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Windows 10 support ending 2025

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One of the disadvantages of using a Win OS that is "out of support" is that software developers will not make versions of software that work on the old OS (why should they?).

e.g., Have a Windows XP machine? Newer Firefox versions stopped supporting it a while are stuck with older versions. Web sites are more interested in developing for phones rather than making things still working with old Win versions.  Same with other "common" software - even antivirus software becomes difficult. Now, I have to deal with different software on different machines - it is a waste of time for me to learn (or remember) different way to do the same thing on multiple machines. With those old USB ports and slots, you get hardware limitations as well. For dedicated purposes, they are still fine, but if it is a desktop, you have a lot of space taken up for decreasing gain.

It has not become that bad with 7 yet, but it is not far off. Yeah, it's a racket. I have two XP machines within eye reach at the moment. I have no idea what I will do with them - that's what I get for keeping a machine for more than 10 years. True, 25 years ago, I would have dyed my nut hairs orange to have that much computing power  ;).

I have no reason NOT to accept WIN 11 other than I'm lazy, I know it will peak suck for the first year, I have to buy more crap and find more space.  Did I say "no reason"? Maybe "no choice" is a better phrase.

That is the way I feel right now and I know that there are comebacks to each of those issues, but they have their disadvantages as well...I just try to remember that I have these machines to help me do stuff easily...that was the idea anyways.

I had a Linux 'box' when the version of it used to called Kernel 1. I installed and used FreeBSD on a 486 machine. Hell, I still have all 3 volumes of those Stevens books to learn TCP/IP

The Win stacks for that stuff were seriously crippled. But, as things evolved, I relented - I always thought WordPerfect was better than Word (at the time), but with Office and everybody in the workplace going there - it became a matter of how much time do I want to spend "learning" and how much time do I want to spend "doing"?

Now what am I supposed to do - become a Linux fanboy to run software that has the look and feel of Win crap?

Yeah, I know...rantings of a curmudgeon, but I say are your gold coins Caesar, now go eff yourself.


The issue is, if you have older hardware as well (printers, musical instruments, whatever) that are no longer supported on the new version of Windows...   then it becomes expensive to upgrade.

The "solution" that Big Tech is pushing us all into is to subscribe to everything...  so you end up paying a hefty monthly bill (if you have multiple computers and applications).

The alternative is, perhaps, to own just one PC that is bang up to date for secure, "official" work...   -  and be OK with owning several older ones as well,  that work fine for various hobby purposes?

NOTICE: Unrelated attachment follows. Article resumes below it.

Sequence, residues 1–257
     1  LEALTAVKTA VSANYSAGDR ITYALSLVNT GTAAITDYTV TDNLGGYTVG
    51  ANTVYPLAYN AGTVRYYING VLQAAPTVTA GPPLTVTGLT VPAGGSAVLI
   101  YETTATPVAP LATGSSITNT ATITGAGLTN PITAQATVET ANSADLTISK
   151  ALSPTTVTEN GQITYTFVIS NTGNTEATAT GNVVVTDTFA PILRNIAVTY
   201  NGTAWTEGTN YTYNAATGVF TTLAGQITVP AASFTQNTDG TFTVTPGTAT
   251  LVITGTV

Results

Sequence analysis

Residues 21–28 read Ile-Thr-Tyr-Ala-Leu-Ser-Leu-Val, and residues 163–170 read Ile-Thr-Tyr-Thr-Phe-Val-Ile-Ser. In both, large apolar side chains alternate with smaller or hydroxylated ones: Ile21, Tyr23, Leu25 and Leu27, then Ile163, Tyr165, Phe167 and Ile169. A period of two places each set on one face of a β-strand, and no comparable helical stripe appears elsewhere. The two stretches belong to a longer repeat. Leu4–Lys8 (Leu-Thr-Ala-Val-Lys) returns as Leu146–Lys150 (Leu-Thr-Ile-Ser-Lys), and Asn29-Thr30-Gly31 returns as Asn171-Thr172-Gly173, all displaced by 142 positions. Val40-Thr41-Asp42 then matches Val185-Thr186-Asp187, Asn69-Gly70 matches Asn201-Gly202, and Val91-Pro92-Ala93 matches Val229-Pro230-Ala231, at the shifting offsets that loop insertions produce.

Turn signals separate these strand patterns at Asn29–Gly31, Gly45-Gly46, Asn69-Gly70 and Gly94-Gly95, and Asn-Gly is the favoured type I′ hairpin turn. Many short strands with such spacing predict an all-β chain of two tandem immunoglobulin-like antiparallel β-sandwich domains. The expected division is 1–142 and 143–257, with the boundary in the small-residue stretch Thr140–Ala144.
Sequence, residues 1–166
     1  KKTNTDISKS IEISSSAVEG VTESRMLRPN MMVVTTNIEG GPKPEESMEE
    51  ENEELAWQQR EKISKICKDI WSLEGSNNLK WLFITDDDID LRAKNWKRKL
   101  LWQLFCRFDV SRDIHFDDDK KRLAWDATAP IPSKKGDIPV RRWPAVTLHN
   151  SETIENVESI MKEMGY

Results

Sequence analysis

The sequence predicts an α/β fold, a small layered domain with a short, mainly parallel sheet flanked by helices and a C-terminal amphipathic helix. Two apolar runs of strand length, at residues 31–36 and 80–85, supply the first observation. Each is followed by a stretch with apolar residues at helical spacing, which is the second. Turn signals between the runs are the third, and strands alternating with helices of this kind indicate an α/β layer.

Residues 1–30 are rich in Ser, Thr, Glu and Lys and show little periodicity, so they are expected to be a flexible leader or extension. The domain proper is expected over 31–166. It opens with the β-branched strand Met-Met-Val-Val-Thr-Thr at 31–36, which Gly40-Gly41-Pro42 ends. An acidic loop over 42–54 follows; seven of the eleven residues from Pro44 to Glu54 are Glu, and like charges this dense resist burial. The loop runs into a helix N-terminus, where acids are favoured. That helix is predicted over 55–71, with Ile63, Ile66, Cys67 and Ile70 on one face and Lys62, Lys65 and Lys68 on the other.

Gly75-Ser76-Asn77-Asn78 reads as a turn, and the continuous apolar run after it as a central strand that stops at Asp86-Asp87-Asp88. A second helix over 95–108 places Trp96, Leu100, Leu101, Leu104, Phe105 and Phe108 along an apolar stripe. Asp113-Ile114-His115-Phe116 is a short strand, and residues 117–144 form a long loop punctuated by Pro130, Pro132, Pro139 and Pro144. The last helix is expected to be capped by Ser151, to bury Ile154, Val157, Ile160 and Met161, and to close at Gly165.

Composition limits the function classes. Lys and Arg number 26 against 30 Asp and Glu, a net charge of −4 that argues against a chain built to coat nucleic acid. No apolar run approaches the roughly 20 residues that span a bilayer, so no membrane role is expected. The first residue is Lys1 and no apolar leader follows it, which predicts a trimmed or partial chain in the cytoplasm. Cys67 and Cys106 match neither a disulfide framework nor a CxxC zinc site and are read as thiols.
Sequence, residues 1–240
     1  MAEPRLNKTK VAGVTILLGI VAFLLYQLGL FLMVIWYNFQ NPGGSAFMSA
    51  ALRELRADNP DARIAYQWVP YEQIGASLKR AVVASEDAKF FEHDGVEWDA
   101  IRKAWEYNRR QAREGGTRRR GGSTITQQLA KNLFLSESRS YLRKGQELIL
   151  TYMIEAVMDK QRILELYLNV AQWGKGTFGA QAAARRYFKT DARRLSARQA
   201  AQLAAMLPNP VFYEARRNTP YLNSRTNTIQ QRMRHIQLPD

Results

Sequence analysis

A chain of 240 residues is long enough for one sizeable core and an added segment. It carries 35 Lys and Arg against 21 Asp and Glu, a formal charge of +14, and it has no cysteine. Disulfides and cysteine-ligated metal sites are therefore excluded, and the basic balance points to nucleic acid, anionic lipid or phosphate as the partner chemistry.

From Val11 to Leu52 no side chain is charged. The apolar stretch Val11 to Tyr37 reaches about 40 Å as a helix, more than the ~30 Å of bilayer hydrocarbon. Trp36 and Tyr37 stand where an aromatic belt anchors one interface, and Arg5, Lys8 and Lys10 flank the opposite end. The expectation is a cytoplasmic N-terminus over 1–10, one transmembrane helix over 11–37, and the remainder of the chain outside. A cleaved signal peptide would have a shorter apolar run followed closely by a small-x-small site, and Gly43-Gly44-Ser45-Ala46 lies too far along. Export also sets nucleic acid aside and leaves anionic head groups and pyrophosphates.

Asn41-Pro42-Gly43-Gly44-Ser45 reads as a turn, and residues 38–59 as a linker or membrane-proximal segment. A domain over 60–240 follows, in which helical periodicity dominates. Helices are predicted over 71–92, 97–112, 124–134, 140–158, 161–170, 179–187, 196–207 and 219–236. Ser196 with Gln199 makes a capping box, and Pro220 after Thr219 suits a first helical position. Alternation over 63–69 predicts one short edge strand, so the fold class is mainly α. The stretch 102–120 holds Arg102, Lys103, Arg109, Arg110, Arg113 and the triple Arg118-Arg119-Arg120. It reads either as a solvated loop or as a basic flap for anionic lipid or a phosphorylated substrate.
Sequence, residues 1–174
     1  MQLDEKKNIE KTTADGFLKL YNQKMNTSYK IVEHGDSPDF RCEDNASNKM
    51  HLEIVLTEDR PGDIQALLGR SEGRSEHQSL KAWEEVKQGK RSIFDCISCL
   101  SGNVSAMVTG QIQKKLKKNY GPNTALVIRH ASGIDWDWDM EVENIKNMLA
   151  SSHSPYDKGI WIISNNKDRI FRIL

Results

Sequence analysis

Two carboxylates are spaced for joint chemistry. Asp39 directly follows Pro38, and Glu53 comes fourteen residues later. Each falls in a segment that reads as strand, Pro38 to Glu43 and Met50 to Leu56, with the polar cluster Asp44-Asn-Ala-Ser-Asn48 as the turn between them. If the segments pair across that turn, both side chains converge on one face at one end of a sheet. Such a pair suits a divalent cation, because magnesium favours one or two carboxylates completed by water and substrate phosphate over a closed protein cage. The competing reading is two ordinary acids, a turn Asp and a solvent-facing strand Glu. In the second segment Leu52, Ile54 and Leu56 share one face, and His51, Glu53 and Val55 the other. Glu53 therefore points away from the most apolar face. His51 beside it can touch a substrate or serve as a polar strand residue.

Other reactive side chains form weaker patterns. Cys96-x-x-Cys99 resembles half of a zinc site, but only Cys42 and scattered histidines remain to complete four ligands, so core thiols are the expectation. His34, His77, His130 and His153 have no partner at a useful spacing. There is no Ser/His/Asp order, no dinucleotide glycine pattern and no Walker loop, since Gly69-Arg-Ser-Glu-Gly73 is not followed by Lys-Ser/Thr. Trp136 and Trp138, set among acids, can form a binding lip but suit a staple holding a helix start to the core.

The older hardware thing is a serious issue, it's easy for people to say "just buy new hardware" and that might be reasonable for mice, joysticks, webcams and stuff like that but there is a lot of stuff where that is not reasonable at all. There is test equipment that costs thousands of dollars to replace. My partner has a fancy Bernina sewing and embroidery machine that cost around $5k, about $5k worth of assorted accessories and add-ons for it and another $5k or so worth of software, all of it originally purchased by my grandmother around 16 years ago. For a long time we couldn't even use the software because the hardware lock had gone missing in the process of going through my grandma's estate. Finally just recently I found an old parallel port dongle in a box of random stuff my dad had and discovered that it works with one of the versions of the software we have. Fortunately there was also a 2005 era laptop running Windows XP with a real parallel port on it so now that machine is dedicated to the embroidery stuff. Replacing everything with modern hardware that works with a modern OS would be at least a $10k investment, that's a steep price to pay for hobby toys to replace existing hardware that still works just because progress marches on.

That would still be cheaper than subscribing in the long run though.


I have a nice Focusrite audio interface (on Firewire). Support is broken starting with some build of Windows 10 (I use it on 7 for now...) Let alone Windows 11. Trashing the interface would make absolutely no sense. Especially just for switching to an OS that, apart from being "up to date", would have almost everything to annoy the hell out of me. Hello?

But... I didn't try so far, but it should be supported by ALSA on Linux. So... that will be yet another reason to switch to Linux when Windows stops being usable for me.


--- Quote from: GlennSprigg on July 22, 2021, 12:08:44 pm ---I always wonder why people 'worry' about supposed "Support Endings" !!
There's still numerous people still using Win-7, and are perfectly happy with it, considering their individual 'needs'   :-+
No more support??... great!!... No more forced nagging downloads/upgrades for an older system to constantly churn over!!

--- End quote ---

I have been using TurboTax software for years, renewing it every year.
(There is an old accountants' axiom that tax law changes will always obsolete last year's tax software.)
In 2020, my old Windows 7 laptop was dying (the famous Toshiba overheating problem), so I upgraded to a Windows 10 machine.  This was fortunate, since the TurboTax software for tax year 2020 no longer runs on W7, but ran on my new W10 machine.  This is a real problem for "support endings", even with non-MS software.


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